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Bee Gees Co-Founder Robin Gibb Dies at 62


One of the most well-known and beloved pop trios in history is down to a single member after Robin Gibb died of colorectal cancer on Sunday at the age of 62.  His brother, another member of the band, died in 2003.

CNN memorializes:

The Brothers Gibb -- calling themselves the Bee Gees -- soared to renown after the 1977 film "Saturday Night Fever" starring John Travolta was built around the group's falsetto voices and disco songs.

In the latter part of the 1970s, the British-born Bee Gees "dominated dance floors and airwaves. With their matching white suits, soaring high harmonies and polished, radio-friendly records, they remain one of the essential touchstones to that ultra-commercial era," the Rock and Roll Hall of Fame says on its website.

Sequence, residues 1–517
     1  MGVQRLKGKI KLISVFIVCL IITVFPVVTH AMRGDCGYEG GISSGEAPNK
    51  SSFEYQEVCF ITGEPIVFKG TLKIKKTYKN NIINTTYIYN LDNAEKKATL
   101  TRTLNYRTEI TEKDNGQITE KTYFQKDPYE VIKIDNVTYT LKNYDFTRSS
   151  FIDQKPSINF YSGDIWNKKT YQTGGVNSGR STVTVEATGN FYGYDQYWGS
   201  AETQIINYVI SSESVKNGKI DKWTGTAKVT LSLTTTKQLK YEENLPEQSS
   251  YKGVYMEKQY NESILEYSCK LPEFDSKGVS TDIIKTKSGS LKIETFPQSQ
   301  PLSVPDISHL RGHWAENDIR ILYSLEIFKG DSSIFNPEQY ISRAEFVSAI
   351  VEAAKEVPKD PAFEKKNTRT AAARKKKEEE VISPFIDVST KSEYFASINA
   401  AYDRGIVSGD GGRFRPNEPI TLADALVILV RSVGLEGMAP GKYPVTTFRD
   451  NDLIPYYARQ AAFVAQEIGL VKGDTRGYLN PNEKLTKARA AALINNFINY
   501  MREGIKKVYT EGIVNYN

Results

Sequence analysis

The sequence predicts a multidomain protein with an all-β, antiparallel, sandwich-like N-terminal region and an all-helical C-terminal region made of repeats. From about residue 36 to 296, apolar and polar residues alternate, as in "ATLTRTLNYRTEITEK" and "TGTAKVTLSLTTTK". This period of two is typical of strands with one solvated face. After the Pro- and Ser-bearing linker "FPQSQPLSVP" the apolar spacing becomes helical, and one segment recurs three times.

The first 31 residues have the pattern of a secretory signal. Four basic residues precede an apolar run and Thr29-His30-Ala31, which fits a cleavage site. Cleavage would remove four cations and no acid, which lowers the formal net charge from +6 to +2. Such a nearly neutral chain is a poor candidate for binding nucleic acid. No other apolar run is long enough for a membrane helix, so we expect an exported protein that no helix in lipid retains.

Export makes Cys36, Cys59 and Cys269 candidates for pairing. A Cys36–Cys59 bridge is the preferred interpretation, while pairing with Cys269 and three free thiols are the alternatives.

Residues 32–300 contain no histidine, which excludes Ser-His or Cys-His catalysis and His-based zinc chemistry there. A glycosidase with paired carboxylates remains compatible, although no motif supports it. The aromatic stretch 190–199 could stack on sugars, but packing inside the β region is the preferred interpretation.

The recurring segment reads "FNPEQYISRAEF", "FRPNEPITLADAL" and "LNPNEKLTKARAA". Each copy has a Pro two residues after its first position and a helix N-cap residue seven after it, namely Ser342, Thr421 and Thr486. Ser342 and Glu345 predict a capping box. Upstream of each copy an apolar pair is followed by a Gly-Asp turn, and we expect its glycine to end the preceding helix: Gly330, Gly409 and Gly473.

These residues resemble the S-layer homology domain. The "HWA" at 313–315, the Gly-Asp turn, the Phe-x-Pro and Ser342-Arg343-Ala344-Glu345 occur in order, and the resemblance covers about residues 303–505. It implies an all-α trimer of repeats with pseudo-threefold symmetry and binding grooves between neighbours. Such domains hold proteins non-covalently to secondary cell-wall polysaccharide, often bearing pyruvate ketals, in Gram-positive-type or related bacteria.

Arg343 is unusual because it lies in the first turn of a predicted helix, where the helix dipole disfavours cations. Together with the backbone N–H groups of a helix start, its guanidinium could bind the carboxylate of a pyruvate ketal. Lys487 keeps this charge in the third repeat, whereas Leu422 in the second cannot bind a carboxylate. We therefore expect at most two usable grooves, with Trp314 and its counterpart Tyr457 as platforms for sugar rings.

They continue:

"Saturday Night Fever" and the group's 1979 album "Spirits Having Flown" yielded six No. 1 hits, "making the Bee Gees the only group in pop history to write, produce and record that many consecutive chart-topping singles," according to the Hall of Fame.

While often more in the background, Robin Gibb was the lead singer on several of the Bee Gees' top tunes including "I Started a Joke" and "I've Gotta Get a Message to You." He also recorded several solo albums during his career.

Inducted into the Rock and Roll Hall of Fame in 1997, the Bee Gees sold more than 200 million albums, and their soundtrack album to "Saturday Night Fever" was the top-selling album until Michael Jackson's "Thriller" claimed that distinction in the 1980s.

"The family of Robin Gibb, of the Bee Gees, announce with great sadness that Robin passed away today following his long battle with cancer and intestinal surgery. The family have asked that their privacy is respected at this very difficult time," the brief statement on his website read.

In a 2001 interview with USA Today, Robin Gibb reportedly quipped: "We're comforted by the fact that most of our critics are dead. … We've outlived them."

In the words of the paper, "Certainly, the music will continue to do so."

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